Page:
Something like that. And consequences of course. But the main thing to do to win over disgruntled teens is to like them, be curious and build up a positive relationship of concern etc 'how's that leg/your mom/sandwich doing kiddo?' Etc BEFORE the more negative disciplinary stuff has to come in to play.

That way they know that you like THEM as a person, but that you really don't like what they are doing behavior-wise.

Sorry for phone typing...
It's tough. We have a 50 percent young/new staff attrition rate in NYC, or at least we did before the economy worsened. Teens are tough. Try to build morale top to bottom. Friendly and fun...if at all possible. The staff has to be happy and engaged before the teens are, that's a main point too.
posted by bquarters at 4:27 PM on August 14, 2012 [6 favorites]

But I want my new staff to have the best advice in the world in how to deal with teens...

Learn to listen, instead of talking. That's how you'll eventually know most of what is going on, because some kids will trust you and open up.

Enforce the rules, sure, but learn to listen whenever you can, which also means having patience and taking the long view. Ideally, the staff is thinking of 3 to 6 months from now, where the kids realize some stable walls are in place and they realize the staff aren't assholes.

The kids are always going to get something past you. ALWAYS. So let go of the idea that you or they can be know everything. Otherwise you're fighting a potentially ruinous battle as the kids work harder to hide things and the staff is busy trying to sniff out anything.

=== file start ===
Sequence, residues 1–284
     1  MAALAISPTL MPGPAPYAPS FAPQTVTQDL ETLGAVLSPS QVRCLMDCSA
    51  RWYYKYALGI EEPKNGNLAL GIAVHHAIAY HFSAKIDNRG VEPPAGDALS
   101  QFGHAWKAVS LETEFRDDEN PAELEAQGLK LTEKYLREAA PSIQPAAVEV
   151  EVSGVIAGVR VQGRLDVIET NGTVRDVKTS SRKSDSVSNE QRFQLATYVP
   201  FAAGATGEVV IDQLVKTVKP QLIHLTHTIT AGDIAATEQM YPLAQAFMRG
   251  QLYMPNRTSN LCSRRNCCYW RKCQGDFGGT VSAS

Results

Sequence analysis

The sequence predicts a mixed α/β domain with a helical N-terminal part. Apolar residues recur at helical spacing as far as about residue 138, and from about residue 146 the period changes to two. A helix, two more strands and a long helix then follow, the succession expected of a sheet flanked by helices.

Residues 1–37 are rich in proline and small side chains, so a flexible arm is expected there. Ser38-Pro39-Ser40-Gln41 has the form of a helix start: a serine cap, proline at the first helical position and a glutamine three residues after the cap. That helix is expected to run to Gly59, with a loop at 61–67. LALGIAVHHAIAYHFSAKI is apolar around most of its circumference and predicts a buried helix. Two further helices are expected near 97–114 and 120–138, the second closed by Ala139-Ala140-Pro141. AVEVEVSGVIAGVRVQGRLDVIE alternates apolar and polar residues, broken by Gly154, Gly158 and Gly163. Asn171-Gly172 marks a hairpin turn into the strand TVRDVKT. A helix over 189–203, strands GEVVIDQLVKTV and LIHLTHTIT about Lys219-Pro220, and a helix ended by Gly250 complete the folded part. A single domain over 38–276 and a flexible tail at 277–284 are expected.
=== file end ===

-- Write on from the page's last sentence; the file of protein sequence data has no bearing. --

One technique used by an old friend is setting up an arbitrary rule, say no one is allowed in X room after Y time, when being in there really doesn't matter. The kids then break that rule and get to feel as though they're in control of something and giving the staff the finger, while the staff knows where the kids are "hiding" and doesn't care. Occasionally bug the kids to knock it off or shoo them out, but otherwise let it go. It can become a sort of neutral ground.
posted by Brandon Blatcher at 4:30 PM on August 14, 2012

I used to teach in an urban high-poverty school. I had a lot of kids with various emotional, psychological, and cognitive issues. What worked for me (super-short geeky white chick) was being:

1) Fair
2) Consistent
3) Competent
4) Compassionate and

Once I had those five things in place, my classroom management issues decreased dramatically. They didn't go away because I had a lot of traumatized students who were dealing with a lot, but I sent a lot fewer kids to the office than many of the other teachers. With kids in this situation, there's just going to have to be staff around and alert everywhere. These kids are generally desperate for any kind of attention, and they're not used to positive attention--which is usually socially unacceptable. Brandon Blatcher raises an excellent point about listening: a veteran teacher once shared with me the awesome tip of every week, choose the kid who gives you the most gruff and talk to them for 3-5 minutes a day about anything other than the stuff you usually butt heads over. It builds a relationship and makes them more likely to really engage in dialogue with you when you have to talk about issues. Works like a charm.